The last time she [the scholar’s mentor] called me she asked me if I was interested in a PhD and I told her I have my excuse to it, that for now it’s not something I want to consider and the reason being that I have three boys. Back home I’ve always been a working lady. She [the scholar’s mentor] called me later and she told me that it [the PhD] will give me more time if I consider it an option that it would be nice if I do it, that it will give me more time for the kids, to have with them (Scholar, 2022).

Many scholars mentioned the importance of having a shared lived experience with their mentor and the novelty of working with a Black member of staff at the university. In the words of one of the scholars, she said:

I think because, well, with my mentor, having a Black mentor, again, I’m not used to working with any Black members of staff or, you know, at university and so on. So having someone who can really relate to me and understand me, you know, from that perspective, made all the difference. There was a lot of things that I knew she understood without me having to explain and unpick (Scholar, 2022).

Five scholars from the programme have already started their PhDs at Sheffield Hallam University and Manchester Metropolitan University. Further four scholars are due to start their PhDs at Sheffield Hallam University, the University of Durham and the University of Leeds. Another three scholars graduated as the overall best students (based on performance across all modules studied) in their PG programs at Sheffield Hallam University. Two of our scholars completed MA programmes in the 2022/23 academic year, and the ASPIRE program so inspired one of our scholars who never thought of going into teaching and has completed a Post Graduate Course in Chemistry at MMU.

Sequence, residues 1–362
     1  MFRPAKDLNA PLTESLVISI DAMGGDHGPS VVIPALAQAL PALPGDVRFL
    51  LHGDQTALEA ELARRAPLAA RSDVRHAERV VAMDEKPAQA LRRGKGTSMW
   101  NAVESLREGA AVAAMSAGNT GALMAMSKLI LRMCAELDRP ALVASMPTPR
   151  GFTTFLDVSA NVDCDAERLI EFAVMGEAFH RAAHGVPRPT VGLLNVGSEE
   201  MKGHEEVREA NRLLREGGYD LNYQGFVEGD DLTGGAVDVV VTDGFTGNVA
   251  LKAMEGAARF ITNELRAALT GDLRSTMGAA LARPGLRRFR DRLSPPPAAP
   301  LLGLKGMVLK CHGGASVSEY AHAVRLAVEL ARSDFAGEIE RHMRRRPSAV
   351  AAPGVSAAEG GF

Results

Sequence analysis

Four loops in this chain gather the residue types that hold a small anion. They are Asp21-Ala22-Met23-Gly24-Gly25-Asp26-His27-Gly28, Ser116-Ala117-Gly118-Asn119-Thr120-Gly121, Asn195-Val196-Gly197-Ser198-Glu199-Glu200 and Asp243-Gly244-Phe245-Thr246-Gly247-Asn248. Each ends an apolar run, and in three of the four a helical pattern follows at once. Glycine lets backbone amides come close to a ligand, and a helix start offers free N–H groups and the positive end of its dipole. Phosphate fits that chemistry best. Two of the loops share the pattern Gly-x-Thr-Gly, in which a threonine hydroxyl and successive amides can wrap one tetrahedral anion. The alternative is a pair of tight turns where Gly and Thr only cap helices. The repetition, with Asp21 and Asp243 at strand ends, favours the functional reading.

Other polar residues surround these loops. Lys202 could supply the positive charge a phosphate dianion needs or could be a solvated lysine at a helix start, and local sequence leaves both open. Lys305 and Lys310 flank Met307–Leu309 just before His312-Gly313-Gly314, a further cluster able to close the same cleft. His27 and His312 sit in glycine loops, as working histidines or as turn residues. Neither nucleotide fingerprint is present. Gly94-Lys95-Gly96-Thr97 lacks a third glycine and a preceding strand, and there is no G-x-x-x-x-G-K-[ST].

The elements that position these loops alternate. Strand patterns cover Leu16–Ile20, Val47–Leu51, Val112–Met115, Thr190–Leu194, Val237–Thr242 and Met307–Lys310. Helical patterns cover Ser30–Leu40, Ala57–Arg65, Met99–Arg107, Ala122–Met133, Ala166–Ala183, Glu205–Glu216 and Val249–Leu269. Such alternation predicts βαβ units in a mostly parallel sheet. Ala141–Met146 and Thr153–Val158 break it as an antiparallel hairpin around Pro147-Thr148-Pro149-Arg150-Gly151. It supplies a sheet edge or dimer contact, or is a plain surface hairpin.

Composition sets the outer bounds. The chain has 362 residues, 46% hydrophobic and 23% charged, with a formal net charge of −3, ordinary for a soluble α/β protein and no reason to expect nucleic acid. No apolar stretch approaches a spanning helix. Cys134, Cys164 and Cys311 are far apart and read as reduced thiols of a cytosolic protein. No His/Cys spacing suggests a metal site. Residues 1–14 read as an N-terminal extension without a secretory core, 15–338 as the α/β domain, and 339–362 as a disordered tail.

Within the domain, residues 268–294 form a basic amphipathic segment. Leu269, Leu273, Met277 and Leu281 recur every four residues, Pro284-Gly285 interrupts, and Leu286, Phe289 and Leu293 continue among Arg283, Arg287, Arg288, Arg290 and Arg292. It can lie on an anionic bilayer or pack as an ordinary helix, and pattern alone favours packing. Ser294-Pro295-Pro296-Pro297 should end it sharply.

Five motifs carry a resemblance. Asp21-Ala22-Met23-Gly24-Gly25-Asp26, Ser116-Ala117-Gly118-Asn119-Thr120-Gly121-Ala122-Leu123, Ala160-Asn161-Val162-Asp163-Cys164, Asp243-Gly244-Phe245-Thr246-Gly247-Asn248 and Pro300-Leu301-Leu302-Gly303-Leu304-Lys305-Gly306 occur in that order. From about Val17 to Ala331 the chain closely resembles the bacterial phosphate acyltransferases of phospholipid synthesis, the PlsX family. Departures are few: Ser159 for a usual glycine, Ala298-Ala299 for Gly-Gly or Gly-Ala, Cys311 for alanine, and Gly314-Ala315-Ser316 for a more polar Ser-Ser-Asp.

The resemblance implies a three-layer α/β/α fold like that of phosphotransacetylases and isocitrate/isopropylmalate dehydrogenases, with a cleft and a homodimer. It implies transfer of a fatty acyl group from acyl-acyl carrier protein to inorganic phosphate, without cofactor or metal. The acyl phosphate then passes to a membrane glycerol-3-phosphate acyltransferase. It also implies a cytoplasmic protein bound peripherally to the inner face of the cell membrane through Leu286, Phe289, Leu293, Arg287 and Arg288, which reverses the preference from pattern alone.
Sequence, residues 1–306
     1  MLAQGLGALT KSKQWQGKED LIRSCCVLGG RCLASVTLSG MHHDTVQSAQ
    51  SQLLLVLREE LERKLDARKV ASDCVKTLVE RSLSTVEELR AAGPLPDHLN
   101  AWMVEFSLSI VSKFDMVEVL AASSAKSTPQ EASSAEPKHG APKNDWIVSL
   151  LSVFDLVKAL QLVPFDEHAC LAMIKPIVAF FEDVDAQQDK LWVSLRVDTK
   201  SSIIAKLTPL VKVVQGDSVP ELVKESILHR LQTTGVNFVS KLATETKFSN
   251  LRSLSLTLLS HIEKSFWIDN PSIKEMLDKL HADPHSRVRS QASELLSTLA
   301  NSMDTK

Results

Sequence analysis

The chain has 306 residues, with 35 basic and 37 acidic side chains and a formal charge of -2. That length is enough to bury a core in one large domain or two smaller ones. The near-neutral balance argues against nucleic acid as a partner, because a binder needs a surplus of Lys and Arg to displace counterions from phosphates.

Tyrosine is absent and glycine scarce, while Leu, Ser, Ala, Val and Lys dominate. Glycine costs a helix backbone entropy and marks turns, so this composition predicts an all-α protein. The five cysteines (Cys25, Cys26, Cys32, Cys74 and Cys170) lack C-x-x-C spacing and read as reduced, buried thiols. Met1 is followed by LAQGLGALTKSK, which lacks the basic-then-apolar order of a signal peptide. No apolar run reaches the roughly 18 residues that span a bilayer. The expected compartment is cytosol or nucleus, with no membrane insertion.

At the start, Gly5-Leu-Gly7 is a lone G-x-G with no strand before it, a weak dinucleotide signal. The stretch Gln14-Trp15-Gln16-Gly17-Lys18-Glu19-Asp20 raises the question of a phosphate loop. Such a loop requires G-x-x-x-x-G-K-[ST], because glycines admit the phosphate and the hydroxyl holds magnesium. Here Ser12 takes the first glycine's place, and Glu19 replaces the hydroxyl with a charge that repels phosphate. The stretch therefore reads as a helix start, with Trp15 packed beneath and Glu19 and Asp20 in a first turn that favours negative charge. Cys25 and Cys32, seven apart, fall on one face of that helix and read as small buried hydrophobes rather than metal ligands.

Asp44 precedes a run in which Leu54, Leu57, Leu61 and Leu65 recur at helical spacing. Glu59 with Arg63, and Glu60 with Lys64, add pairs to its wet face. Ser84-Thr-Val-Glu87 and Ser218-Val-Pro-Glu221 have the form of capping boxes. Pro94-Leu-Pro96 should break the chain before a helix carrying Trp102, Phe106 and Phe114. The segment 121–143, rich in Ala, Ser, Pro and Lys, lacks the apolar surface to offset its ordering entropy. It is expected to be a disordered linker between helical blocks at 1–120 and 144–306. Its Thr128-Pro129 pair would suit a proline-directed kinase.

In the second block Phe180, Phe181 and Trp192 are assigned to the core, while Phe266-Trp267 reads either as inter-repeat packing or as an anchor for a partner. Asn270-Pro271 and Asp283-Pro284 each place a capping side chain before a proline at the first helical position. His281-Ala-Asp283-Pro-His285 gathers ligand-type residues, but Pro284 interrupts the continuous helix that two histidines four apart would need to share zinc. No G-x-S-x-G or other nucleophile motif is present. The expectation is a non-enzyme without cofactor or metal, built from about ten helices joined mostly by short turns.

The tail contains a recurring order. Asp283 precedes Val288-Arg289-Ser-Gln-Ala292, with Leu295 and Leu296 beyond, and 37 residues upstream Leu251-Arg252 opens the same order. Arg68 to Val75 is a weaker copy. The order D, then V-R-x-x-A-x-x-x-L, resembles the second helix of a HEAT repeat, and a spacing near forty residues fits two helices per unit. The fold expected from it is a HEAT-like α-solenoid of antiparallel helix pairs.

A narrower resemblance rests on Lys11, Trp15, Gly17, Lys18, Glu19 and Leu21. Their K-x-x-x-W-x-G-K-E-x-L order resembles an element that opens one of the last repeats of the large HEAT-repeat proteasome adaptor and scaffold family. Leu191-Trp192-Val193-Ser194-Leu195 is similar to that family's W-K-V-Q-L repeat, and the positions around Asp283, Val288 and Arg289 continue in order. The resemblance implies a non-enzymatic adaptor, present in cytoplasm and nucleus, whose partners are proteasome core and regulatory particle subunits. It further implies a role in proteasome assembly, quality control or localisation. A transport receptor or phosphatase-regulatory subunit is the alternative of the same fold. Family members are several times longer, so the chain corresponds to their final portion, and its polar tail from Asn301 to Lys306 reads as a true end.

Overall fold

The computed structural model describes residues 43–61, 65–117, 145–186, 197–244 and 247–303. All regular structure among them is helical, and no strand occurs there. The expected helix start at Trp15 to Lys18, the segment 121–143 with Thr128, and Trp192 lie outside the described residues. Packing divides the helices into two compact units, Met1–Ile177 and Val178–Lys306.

One of the scholars who did not consider herself a conventional academic student received an unconditional PhD offer. She described ASPIRE’s impact on her academic journey:

The ASPIRE programme has so far benefitted me a lot in the short space of time I have had the opportunity to engage with it. It has given me confidence about my future path career and assured me that I am really not alone. Something I used to worry about a lot (Scholar, 2023).

I want to personally thank you for your support. I have received an unconditional offer to pursue a PhD at Leeds University and all thanks to ASPIRE. I know for certain this would not be the case had I not joined the programme last year. The immense support we received, the talks, the community was just what I needed to believe in myself, that I am capable of achieving my goals. As you know, I am unconventional, not your typical student due to family commitments among other responsibilities, and ASPIRE really helped me to dig deep and challenge myself. This is truly an amazing programme and well done and thank you for taking the step to ensure people like me can finally be a Dr one day, and contribute to making this world a better place (Scholar 2022).